This is where the hypocrisy of developed countries jumps out although they have developed highly sophisticated recycling rules and policies in their countries. For example, in Japan, recycling is even made mandatory. However, these countries only recycle a small portion of their plastic wastes with the bulk of it being exported to developing countries just to be gotten rid of.

A bulk of these plastic wastes would be transported to distances far away from the original source. To make things worse, plastic wastes are often exported to countries that mismanage a big portion of their own plastic wastes, so it’s a big possibility that after travelling the far distance, the plastic wastes would not even end up being recycled.

In 2017, China decided to ban a big portion of plastic waste imports. Prior to this ban, MRF Bales were recycled and it was deemed as profitable for China’s economy. However, the problem is that it produces a very slight profit. The announcement resulted in a drop of China’s plastic import volume, plummeting 99.1 percent. It had huge impact as previously where China was the world’s largest importer of MRF Bales, due to this ban the developed nations had an overabundant supply of plastic wastes.

The reasoning behind this ban was that it causes serious environmental and public health issues as the process of recycling the plastic contents of MRF Bales are very hazardous and could seriously harm those sorting them. Moreover, as the plastics in these bales are mixed up, those which are not profitable to be recycled are often discarded negligibly into the rivers.

As a matter of fact, in 2018, the Yangtze river in China deposited an estimated 55% of the world’s marine plastic pollution the most among all rivers. Besides, all these side effects would take a lot of money to solve, hence making the profit margin even thinner.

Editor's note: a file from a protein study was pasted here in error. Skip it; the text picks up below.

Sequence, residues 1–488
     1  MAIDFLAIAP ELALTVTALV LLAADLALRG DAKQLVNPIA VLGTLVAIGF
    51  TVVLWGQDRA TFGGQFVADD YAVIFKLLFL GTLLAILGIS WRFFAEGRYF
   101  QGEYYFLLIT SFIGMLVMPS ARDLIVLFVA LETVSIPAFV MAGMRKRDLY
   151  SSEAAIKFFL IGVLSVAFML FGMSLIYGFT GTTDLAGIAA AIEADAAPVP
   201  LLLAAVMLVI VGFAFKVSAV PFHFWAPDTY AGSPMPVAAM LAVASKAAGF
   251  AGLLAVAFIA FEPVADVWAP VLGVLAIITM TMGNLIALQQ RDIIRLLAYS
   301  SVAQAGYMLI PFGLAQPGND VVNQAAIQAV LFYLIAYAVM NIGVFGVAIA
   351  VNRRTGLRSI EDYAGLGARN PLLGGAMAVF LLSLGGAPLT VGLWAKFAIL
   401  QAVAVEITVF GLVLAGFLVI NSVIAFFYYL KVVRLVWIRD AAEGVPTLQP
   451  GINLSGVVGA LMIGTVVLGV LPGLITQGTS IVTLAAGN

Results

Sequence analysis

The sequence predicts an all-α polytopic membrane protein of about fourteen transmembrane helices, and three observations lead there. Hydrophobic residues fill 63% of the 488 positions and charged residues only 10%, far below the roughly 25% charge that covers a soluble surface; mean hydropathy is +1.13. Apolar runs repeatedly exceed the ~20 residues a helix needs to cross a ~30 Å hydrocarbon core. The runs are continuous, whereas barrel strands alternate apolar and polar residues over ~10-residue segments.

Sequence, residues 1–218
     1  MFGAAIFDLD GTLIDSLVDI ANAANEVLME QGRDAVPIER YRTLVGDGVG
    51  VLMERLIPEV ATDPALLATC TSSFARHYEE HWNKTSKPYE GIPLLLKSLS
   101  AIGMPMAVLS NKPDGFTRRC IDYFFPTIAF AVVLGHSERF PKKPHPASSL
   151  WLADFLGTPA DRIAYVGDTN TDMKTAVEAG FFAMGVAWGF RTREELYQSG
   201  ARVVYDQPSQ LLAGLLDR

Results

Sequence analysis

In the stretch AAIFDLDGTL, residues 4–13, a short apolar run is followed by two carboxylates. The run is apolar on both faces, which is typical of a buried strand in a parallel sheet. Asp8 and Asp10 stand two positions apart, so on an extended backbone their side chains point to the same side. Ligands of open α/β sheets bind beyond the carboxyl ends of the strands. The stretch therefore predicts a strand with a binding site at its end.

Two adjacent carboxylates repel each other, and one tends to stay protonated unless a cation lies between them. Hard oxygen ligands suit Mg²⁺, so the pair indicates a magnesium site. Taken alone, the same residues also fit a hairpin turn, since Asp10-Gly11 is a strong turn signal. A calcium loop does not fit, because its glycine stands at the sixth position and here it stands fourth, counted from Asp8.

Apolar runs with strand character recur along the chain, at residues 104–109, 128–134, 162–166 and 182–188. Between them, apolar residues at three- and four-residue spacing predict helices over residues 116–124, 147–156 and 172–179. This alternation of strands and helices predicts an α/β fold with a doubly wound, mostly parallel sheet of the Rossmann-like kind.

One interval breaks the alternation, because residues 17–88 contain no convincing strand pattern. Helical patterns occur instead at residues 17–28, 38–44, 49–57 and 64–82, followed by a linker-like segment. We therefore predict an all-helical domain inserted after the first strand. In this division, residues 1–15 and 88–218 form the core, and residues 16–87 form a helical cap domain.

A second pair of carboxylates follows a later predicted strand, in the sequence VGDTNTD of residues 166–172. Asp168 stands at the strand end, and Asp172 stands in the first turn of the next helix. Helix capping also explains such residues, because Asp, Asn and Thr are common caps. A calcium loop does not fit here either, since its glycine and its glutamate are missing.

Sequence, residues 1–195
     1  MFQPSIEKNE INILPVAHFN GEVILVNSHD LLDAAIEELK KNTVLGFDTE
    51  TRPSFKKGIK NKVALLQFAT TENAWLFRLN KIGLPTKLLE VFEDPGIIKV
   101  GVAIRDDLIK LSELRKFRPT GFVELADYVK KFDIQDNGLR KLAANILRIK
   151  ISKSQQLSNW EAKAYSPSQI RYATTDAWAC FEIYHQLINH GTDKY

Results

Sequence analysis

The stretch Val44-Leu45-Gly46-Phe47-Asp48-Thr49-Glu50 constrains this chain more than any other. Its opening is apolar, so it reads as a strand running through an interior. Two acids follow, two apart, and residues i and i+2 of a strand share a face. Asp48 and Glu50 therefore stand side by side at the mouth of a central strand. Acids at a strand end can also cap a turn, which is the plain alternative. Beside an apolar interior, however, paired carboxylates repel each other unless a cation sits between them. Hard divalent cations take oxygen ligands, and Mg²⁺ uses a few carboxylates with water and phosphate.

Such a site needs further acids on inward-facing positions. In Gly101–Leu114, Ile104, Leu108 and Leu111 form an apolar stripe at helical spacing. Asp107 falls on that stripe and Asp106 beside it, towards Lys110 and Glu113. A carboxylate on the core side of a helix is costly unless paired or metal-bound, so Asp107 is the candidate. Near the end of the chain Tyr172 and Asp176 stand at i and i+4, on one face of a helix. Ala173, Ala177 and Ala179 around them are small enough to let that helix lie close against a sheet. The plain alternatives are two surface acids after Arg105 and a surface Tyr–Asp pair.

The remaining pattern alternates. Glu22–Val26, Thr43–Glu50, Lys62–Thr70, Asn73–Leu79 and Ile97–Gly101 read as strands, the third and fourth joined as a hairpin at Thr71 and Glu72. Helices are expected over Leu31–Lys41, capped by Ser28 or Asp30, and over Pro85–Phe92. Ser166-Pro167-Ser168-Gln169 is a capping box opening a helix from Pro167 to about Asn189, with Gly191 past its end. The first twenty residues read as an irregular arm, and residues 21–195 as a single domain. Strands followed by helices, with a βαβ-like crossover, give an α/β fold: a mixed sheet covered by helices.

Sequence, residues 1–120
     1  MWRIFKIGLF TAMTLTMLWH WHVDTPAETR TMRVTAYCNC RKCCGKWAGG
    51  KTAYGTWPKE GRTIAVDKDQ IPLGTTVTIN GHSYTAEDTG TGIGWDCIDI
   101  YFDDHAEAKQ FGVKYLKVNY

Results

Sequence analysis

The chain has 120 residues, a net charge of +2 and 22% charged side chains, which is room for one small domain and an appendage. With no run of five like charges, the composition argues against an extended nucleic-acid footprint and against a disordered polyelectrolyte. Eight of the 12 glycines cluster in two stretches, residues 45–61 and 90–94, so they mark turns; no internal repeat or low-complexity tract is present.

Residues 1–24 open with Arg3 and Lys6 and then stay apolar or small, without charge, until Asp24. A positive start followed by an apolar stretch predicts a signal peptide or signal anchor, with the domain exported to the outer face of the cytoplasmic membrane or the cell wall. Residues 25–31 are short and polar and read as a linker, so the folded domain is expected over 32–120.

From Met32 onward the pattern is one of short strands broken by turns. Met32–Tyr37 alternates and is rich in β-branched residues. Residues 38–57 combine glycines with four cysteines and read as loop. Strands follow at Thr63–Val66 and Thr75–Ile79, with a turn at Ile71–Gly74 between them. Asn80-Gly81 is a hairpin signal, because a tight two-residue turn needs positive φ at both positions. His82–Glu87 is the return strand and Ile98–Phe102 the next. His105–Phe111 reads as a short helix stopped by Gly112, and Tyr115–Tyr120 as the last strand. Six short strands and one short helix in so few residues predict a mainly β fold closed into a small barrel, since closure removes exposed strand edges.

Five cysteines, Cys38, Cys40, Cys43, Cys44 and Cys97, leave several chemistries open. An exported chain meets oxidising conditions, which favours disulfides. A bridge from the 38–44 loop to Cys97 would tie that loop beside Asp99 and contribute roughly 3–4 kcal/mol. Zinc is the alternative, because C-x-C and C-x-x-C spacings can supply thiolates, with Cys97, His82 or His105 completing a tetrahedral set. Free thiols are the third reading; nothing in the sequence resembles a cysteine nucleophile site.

To fill in this void left by China, countries such as Malaysia, Vietnam and several other developing nations have become the new global rubbish bin of the developed nations. The amount of plastics exported to Malaysia by the United States of America has tripled in volume between 2017 and 2018 (refer the chart below). This made Malaysia one of the largest receivers of plastics in the world during that time frame.

As China had previously shown, taking in plastic wastes for the purpose of recycling is neither profitable nor sustainable. While other countries might be willing to fill in the vacancy left by China, it would still not be enough to replace China’s role in recycling in the past years. Furthermore, these countries would soon realise that recycling is not worth the trouble. While it may be easy to blame China for a sudden change of policy, it should be acknowledged that this problem would have not occurred if we had a sustainable recycling industry being set up in the first place.

It is clear that the biggest reason why recycling is such a problem is due to the cost of recycling itself. While the current consumer trend is shifting towards a ‘greener’ option might be a good start, it would take more than a shift in consumer attitudes to solve the recycling and more importantly the plastic wastes issue.

Nevertheless, as consumers, we can make a change in two ways. The first is by practising the 5Rs as per the diagram below; this would relegate and reduce our need for recycling. Secondly, is to use the power of the consumer in pressuring companies. The simplest way to do this is to simply vote with our money. The products that we buy with our money can make a big difference. If we choose to buy products that are packed from plastics that are recyclable, companies are going to realise this and might make moves to ensure its plastics are recyclable.

As for the plastic recycling industry, it is in need for big technological advancements for it to be both sustainable and profitable.

The developments in plastic recycling methods such as a landmark hydrothermal plastic recycling facility in the United Kingdom indicates that all types of plastic can be recycled. In addition, there has been research made by scientists in creating an enzyme that can eat up and get rid of plastic forever.

The future of the recycling industry might change for the better.***

(This article is written as part of Feature Writing series on environmental issues in collaboration with IIUM Eco Club)